9. OFFICIALS NOT TO BENEFIT. No Government official shall benefit personally from the contract.
10. COVENANT AGAINST CONTINGENT FEES. No person or agency has
been employed to solicit or secure the contract upon an understanding
for compensation except bonafide employees or commercial agencies maintained
by the Contractor for the purpose of securing business.
11. GRATUITIES. The contract may be terminated by the Government if any gratuities have been offered to any representative of the Government to secure the contract.
12. PATENT AND COPYRIGHT INFRINGEMENT. The Contractor shall report each notice or claim of patent or copyright infringement based on the performance of the contract.
13. AMERICAN-MADE EQUIPMENT AND PRODUCTS. When purchasing equipment or a product under the SBIR funding agreement, purchase only American-made items whenever possible.
J. ADDITIONAL INFORMATION
1. The Program Solicitation is intended for informational purposes and reflects current planning. If there is any inconsistency between the information contained herein and the terms of any resulting SBIR funding agreement, the terms of the funding agreement are controlling.
2. Before award of an SBIR funding agreement, the Government may request the offeror to submit certain organizational, management, personnel, and financial information to assure responsibility of the offeror.
3. The Government is not responsible for any monies expended by the offeror before award of any funding agreement.
4. This Program Solicitation is not an offer by the Government and does not obligate the Government to make any specific number of awards. Also, awards under the SBIR program are contingent upon the availability of funds.
5. The SBIR program is not a substitute for existing unsolicited proposal mechanisms. Unsolicited proposals shall not be accepted under the SBIR program in either Phase I or Phase II.
6. If an award is made pursuant to a proposal submitted under this Program Solicitation, the Contractor will be required to certify that he or she has not previously been, nor is currently being, paid for essentially equivalent work by any agency of the Federal Government.
7. Notwithstanding the relatively broad definition of R/R&D in Section II, Definitions, hereof, awards under this solicitation are limited to APPLIED forms of research. Proposals that are surveys, including market, state-of the-art and/or literature surveys, which should have been performed by the offeror prior to the preparation of the proposal, or the preparation of allied questionnaires and instruction manuals, shall not be accepted. If such proposals are submitted, they shall be considered as not in compliance with the solicitation intent, and therefore, technically unacceptable.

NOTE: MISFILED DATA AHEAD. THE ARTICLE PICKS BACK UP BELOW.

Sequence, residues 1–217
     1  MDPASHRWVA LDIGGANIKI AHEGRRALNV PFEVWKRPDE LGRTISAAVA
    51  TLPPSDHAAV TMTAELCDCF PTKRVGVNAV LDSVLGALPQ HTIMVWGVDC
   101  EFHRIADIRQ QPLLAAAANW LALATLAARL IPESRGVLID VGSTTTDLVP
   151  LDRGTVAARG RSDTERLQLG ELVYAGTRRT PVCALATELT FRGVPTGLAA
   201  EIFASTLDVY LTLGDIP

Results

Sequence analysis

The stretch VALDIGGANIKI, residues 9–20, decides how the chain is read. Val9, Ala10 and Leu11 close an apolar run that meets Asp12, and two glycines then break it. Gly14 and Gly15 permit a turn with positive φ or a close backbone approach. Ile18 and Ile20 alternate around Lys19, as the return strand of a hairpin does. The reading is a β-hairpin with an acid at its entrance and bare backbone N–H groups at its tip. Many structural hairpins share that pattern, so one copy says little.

8. The requirement that the offeror designate a topic, and only one topic (see page 1, Section I above), is also necessary. EPA receives hundreds of proposals each year and has special teams of reviewers for review of each research topic. In order to assure that proposals are evaluated by the correct team, it is the complete responsibility of the offeror to select and identify the best topic.
9. Instructions to Offerors - Competitive Acquisition (May 2001) FAR 52.215-1
(a) Definitions (as used in this provision).
"Discussions" are negotiations that occur after establishment of the competitive range that may, at the Contracting Officer's discretion, result in the offeror being allowed to revise its proposal.
"In writing," "writing," or "written" means any worded or numbered expression that can be read, reproduced, and later communicated, and includes electronically transmitted and stored information.
"Proposal modification" is a change made to a proposal before the solicitation's closing date and time, or made in response to an amendment, or made to correct a mistake at any time before award.
"Proposal revision" is a change to a proposal made after the solicitation closing date, at the request of or as allowed by a Contracting Officer as the result of negotiations.